MCCOY: Do the people know the contents of their book?

NATIRA: Only that it tells of our world here and why soon, one day, we must leave it for the new world.

- friendship versus love (h/t @William B),

NATIRA: You have lived a lonely life?

MCCOY: Yes, very lonely.

And so much more packed into one tiny hour!

It is also a shame that Bones and the high priestess have zero chemistry. As @Trek fan points out, "Friday's Child" could have been a model here - maybe the actress was lacking?

So far this season, Kirk has been tempted to leave by Miramanee, Spock by the Romulan Commander, Bones by Natira, and Chekov by Sylvia. Who's next?

@Rama, interesting write up about "The Stars My Destination". Of course JMS was a huge Al Bester fan, and named the character played Chekov on Babylon 5 after him.

You might enjoy the Babylon 5 novel "Final Reckoning", which is the last stand of Alfred Bester.
Wed, May 5, 2021, 2:46am (UTC -6)
I’ve read the comments and criticisms, and I agree with many of them. But I still like this episode and give it 3 stars.

The main problem - which no-one has said - is that the main idea (great sci-fi) is really too large for less than 50 minutes of a space adventure series. It would have made a better movie if given 90 minutes to fully develop the themes, for example McCoy’s romance with Natira. I have to forgive the writers for shoehorning the whole story into the allotted time, and applaud the producers for recognising a great thing when they saw it. Just a shame that the regular format of TOS could not accommodate it.

As for the criticisms about the Oracle being a metaphor for religious oppression - couldn’t it just as equally be the only method, as foreseen by the “creators”, that a society would be kept “on course “ for the original purpose and destination if it was not allowed to deviate into a chaotic state, which might have happened naturally over generations? Yes, it was authoritarian, but the society - constrained by circumstances - was happy and stable if somewhat stagnant.

A good idea and another proof that Series 3 wasn’t so bad after all.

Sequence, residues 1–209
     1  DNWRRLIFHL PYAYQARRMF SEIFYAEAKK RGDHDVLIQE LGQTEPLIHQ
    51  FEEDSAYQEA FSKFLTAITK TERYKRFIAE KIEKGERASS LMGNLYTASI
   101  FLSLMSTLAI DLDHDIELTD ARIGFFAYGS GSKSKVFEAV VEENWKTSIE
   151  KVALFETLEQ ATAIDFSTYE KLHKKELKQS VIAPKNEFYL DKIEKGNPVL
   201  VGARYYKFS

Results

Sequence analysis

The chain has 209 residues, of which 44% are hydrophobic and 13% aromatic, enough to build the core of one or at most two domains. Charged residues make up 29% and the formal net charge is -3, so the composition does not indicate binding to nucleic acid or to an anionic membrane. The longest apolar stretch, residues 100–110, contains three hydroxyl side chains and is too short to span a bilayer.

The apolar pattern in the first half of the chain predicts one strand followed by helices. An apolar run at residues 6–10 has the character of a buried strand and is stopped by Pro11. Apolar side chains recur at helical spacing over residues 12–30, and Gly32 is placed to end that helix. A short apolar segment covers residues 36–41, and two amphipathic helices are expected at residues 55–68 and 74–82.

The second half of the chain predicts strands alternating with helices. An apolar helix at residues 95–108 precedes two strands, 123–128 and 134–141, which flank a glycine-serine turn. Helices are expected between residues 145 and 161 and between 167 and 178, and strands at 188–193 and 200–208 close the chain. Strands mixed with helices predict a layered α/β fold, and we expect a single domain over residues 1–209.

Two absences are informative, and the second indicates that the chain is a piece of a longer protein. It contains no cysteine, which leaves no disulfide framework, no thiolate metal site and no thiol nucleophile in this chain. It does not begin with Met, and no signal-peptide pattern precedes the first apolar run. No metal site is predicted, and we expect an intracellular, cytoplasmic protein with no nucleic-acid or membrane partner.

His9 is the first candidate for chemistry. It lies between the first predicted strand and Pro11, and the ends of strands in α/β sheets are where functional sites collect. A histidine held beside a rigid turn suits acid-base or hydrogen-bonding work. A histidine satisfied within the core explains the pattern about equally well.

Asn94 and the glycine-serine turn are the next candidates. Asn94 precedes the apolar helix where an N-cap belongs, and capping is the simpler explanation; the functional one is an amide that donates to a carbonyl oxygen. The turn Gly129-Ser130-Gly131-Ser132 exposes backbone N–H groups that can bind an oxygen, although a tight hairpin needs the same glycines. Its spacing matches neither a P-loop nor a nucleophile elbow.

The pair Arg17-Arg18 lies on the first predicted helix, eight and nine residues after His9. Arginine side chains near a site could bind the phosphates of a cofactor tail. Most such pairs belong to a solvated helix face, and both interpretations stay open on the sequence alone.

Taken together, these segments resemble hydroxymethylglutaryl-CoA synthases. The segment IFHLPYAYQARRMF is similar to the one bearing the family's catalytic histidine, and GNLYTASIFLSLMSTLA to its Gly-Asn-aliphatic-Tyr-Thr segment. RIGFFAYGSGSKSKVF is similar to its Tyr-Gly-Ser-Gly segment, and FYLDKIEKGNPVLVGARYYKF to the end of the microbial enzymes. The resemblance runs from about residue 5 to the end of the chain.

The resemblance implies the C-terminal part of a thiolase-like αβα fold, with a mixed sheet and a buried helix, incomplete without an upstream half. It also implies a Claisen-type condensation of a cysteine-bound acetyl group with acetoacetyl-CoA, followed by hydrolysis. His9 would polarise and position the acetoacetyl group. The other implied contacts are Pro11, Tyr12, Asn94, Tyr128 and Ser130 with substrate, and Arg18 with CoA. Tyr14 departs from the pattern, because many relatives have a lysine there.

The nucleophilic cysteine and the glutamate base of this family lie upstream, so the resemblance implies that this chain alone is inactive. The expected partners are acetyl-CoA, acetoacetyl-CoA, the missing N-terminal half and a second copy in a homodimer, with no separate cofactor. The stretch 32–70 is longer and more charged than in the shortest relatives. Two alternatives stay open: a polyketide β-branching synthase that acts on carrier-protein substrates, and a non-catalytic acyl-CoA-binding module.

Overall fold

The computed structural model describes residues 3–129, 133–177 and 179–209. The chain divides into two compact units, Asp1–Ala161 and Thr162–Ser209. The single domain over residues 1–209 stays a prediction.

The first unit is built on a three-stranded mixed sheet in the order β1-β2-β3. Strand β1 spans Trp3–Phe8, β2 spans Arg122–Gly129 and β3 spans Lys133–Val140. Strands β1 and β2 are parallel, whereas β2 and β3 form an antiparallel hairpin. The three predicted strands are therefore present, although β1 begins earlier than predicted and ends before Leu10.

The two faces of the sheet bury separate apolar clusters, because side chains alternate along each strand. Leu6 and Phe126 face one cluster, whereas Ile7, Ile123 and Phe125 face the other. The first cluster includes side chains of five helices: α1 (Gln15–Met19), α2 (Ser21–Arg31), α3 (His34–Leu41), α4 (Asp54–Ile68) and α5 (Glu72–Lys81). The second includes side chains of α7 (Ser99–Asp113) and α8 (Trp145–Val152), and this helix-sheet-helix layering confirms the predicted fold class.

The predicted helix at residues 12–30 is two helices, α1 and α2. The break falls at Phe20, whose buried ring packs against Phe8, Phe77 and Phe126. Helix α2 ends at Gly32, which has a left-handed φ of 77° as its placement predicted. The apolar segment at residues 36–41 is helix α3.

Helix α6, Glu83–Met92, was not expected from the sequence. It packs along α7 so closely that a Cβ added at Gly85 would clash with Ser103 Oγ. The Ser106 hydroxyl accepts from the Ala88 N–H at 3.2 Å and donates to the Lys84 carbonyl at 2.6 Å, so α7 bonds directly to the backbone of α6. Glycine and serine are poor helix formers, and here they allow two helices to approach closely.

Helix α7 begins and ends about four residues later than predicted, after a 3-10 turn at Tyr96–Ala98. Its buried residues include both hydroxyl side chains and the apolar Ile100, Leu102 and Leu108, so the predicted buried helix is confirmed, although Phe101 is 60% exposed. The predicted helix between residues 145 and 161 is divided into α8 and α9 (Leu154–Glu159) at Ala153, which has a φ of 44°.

Jeffery's Tube
Sat, Jul 3, 2021, 3:08pm (UTC -6)
I find that McCoy's romance with Natira makes sense, but only because he's a dying man. An end is coming for him very soon, and this seems like it has the potential to be a better end than he's likely to find anywhere else in the time left to him. He's not in love with her, but he's intrigued and anyway, it's his last chance. Remember he's an explorer, used to throwing himself headlong into the unknown (despite his frequent protestations about it, haha). Explorers aren't people who hem and haw over making decisions, so of course he wouldn't hesitate long to seize this chance. And when he's no longer a dying man, of course he leaves. He wouldn't have been interested in upending his entire life for this romance if he'd thought he still had a life to upend. So, when he does, that's it.

As for Natira falling in love with McCoy just by looking at him, well, she's an alien. Who knows how their biology works. I guess there was some evolutionary reason for females behaving this way on her planet. Right?
Thu, Sep 30, 2021, 10:24pm (UTC -6)
Awful sets, terrible costumes, really bad acting by the regulars and Natira, and a very weak story. Poor directing too. Why was Scottie just standing on the bridge in the opening scenes with nothing to do? Reminded me of high school plays where people on the stage without lines just stand there motionless. The clip clopping of everyone’s shoes on the metal sound stage floor that was supposed to be Yonata was distracting. The opening fight when the Italian clowns in swimming caps came out of the cardboard cylinders made me laugh out loud. The Oracle eye and its voice talking to Natira were awful. (Give me the Malthusen image and voice any day over that phony Oracle). I have always been willing to overlook cheap costumes and sets when they come up in TOS because the stories and acting were so good. Not in this episode.